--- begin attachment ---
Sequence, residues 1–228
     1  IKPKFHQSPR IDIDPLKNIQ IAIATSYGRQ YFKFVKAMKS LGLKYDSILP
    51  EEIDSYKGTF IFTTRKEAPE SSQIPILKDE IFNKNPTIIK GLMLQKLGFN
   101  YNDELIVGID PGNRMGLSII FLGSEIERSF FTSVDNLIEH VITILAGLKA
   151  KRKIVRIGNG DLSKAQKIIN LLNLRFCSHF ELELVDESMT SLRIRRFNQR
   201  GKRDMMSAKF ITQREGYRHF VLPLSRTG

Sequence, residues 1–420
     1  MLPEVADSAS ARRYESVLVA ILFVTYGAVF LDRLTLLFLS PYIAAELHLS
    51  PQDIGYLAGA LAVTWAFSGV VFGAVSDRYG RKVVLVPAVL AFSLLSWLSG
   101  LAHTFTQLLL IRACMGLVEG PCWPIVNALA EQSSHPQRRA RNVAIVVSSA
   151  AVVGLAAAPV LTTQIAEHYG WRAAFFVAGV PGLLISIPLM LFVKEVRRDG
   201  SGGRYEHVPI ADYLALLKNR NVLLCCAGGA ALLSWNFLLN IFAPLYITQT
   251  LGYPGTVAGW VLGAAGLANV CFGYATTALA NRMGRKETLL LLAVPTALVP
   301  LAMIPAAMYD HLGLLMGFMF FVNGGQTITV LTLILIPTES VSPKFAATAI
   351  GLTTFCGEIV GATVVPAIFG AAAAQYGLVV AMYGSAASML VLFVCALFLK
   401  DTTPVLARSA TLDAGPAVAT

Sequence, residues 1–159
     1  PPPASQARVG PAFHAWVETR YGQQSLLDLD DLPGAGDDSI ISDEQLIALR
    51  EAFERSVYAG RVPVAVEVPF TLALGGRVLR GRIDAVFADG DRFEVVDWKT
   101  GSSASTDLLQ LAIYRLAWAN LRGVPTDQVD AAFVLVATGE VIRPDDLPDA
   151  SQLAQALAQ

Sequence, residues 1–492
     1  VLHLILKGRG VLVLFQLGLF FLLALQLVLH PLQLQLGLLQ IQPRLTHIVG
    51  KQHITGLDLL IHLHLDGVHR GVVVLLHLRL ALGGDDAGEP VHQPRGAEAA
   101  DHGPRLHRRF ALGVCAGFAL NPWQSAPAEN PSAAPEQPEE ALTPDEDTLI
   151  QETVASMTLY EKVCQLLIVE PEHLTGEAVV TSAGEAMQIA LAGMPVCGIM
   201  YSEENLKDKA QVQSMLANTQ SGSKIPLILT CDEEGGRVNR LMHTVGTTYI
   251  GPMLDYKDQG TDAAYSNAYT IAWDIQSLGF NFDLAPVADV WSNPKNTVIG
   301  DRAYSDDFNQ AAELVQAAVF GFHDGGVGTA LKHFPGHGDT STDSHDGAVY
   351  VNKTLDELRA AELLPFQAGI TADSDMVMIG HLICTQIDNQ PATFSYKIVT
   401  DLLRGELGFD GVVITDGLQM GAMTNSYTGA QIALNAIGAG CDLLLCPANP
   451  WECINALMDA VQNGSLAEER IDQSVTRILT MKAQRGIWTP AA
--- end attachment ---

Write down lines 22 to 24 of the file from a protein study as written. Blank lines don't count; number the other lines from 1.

Sequence, residues 1–492
     1  VLHLILKGRG VLVLFQLGLF FLLALQLVLH PLQLQLGLLQ IQPRLTHIVG
    51  KQHITGLDLL IHLHLDGVHR GVVVLLHLRL ALGGDDAGEP VHQPRGAEAA